Aboriginal

Regina Pilawuk Wilson’s paintings, prints and one weaving are on view in “Ngerringkrrety: One Voice, Many Stories” at Second Street Gallery through July 27. Additionally, she and her son co-curated a current exhibition at the Kluge-Ruhe Aboriginal Art Collection, “Ngunguni: Old Techniques Remain Strong,” and her work is part of “Marking the Infinite: Contemporary Women Artists from Aboriginal Australia,” at the Phillips Collection in Washington, D.C., through September. Photo by Cassie de Collinge

First Fridays: June 1

The inspiration for many of Regina Pilawuk Wilson’s paintings lies in another art form: weaving. At a roundtable discussion at the Kluge-Ruhe Aboriginal Art Collection, Wilson explains that her people, the Ngangikurrungurr, who are indigenous to Australia’s Daly River region, had passed on fishnet stitches from generation to generation, each community having its own special […]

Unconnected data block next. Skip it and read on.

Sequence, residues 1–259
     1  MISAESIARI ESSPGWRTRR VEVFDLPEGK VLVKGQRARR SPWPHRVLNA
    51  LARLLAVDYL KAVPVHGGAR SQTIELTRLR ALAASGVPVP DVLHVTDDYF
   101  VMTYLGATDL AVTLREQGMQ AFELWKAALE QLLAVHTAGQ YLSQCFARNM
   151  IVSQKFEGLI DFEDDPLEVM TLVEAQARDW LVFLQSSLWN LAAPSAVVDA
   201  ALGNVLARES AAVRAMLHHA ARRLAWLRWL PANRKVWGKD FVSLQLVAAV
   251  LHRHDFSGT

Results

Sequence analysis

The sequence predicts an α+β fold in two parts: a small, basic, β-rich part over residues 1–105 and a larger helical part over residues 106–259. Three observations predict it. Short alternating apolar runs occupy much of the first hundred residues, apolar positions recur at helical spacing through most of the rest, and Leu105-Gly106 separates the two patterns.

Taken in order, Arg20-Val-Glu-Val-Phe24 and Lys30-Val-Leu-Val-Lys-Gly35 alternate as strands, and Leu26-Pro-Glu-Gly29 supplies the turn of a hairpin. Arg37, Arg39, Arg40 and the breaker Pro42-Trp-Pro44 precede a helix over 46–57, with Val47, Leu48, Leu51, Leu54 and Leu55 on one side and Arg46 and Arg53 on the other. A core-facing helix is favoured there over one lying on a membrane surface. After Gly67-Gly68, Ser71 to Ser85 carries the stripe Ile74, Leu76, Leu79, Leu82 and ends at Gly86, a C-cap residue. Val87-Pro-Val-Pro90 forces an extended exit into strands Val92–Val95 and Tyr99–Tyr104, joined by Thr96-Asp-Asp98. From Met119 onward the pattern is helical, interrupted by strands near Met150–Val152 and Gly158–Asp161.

Raymond Bulumbula is one of two artists who will travel nearly 10,000 miles in September to reconnect with artworks in the Kluge-Ruhe Collection that were collected from their community in the 1960s. Courtesy Kluge-Ruhe

Kluge-Ruhe holds up the mirror

Following last month’s local violence by neo-Nazis, white supremacists and other hate groups, many people are speaking and acting out against racism for the first time. But becoming an effective activist and ally to people of color requires humility, curiosity and ongoing education—which is why locals are lucky that a small building, perched on a […]

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